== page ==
We do not live in a matrix where all of our experiences are fabrications of ones and zeroes. And yet, we can think of the cascade of data that is the enduring image of the “Matrix” films a good metaphor for the blend of digital and analog our lives are becoming. Computers have progressed from their beachhead work of balancing budgets to parking our cars. Our wealth exists more as entries in files than as currency in banks. We possess online personalities and profiles that, despite being funhouse mirrors of the real people we are, have an impact on our friendships and professional opportunities.
Our blended reality makes relationships, jobs, beliefs, power, amusements, and expectations dramatically different from what they were even 20 years ago, in a pre-Internet era of pay phones and record shops. Twenty years from today, how much more will pixels and bits change our lives?
Advisor plus – I love my GPS system, but I treat it with caution ever since one directed a driver onto a train track not far from my house. Actually, that happened twice, with two rental cars being crushed, but, thankfully, no loss of life. Apple’s Siri takes electronic advice beyond cars and maps into daily life. At this point, it makes enough nonsensical answers to keep its human mentees skeptical.
IBM’s Watson brings more power to the concept of electronic advisor, and it has targets for applications in law, finance, and medicine. I fully expect that someday one of its progeny will guide a surgeon as he or she works to repair my aging body. (I already regularly drive past a billboard that boasts “robot-assisted surgery,” so maybe I’m being optimistic by putting a human surgeon in the scenario.)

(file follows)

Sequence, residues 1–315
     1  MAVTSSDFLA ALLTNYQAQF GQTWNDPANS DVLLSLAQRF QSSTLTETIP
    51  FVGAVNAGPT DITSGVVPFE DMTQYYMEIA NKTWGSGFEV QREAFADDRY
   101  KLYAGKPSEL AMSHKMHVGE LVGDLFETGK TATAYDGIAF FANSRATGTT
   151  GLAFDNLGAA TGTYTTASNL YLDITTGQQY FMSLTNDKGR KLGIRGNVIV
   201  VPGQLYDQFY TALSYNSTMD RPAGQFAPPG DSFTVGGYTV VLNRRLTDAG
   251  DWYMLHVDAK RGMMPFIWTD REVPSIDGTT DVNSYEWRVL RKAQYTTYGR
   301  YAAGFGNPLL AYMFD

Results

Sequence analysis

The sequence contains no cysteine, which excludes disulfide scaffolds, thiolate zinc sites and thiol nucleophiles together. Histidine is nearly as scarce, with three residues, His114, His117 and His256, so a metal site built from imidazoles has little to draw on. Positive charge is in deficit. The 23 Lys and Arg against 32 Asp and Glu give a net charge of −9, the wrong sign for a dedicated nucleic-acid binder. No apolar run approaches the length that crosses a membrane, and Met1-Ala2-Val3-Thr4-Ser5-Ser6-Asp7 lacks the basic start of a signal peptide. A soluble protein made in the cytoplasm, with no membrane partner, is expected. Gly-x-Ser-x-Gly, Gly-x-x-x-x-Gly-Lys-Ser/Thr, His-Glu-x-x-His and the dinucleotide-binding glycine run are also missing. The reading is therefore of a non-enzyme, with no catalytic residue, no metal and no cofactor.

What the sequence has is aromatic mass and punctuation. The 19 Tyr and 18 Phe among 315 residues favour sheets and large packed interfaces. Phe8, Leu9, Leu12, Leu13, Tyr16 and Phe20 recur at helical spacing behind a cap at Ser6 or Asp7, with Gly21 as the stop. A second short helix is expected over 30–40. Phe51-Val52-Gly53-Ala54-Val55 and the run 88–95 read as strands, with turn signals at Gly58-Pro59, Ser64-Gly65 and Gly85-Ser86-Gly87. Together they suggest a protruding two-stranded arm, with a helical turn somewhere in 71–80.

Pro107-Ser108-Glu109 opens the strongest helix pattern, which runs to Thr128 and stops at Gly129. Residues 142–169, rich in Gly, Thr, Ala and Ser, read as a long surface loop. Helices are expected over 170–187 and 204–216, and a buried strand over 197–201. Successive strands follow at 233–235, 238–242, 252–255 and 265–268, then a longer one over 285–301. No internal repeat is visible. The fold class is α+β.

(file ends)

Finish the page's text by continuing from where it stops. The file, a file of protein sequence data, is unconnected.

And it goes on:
If you are a professional, you can expect that within twenty years your most important colleague will be digital. Your kids will have best friends who consist of complex arrays of circuits. If you live near a major city, you will not be getting directions from a GPS system, you’ll be chauffeured by a robot car.
Invisible fences – I can remember teachers throwing out threats about bad behavior ending up on permanent records from grade school on. While at IBM, training in everything from conflicts of interest to gender sensitivity included the warning that violations would add letters to our files. While once this kind of intimidation seemed hollow, now it is likely to stick. Marketers connect dots on data in ways that allow them to know things about family we don’t know ourselves. Governments store what we write, read, and say against the chance that they may need to prosecute us someday. Prospective employers google us, and we can only hope that people who have he same name behave themselves.
The possibility that we can escape our pasts is going down. Beware of that snide forum entry you made when you were twenty years old. It will be harder remove than a tattoo that says, “Winona forever.” We learn by making mistakes, but the digital record neither forgives nor forgets. In the future, our profiles will be more comprehensive and, ultimately, subjected to predictive algorithms that will hem us in. I am reminded of the how dogs are now trained by invisible fences. Signals from transmitters buried at property barriers broadcast signals that trigger electric shocks in dog collars. Before long, the dogs learn to stop exploring and stay in their yards.
Smart cells – We will become blended physically as well. This will go beyond what we see today with prosthetic hands and implantable cardiac defibrillators. Electronics will have an intimate relationship on the level of the cell, sometimes by insertion of tiny controllers and sometime by transplant of organs that are grown as hybrids of electronics and biological tissues. These will sort messages, trigger hormones, battle disease, and, perhaps, provide new capabilities for memory storage, sensing, and performance.
In my next blog, I’ll look at a few more possibilities enabled by our blended world.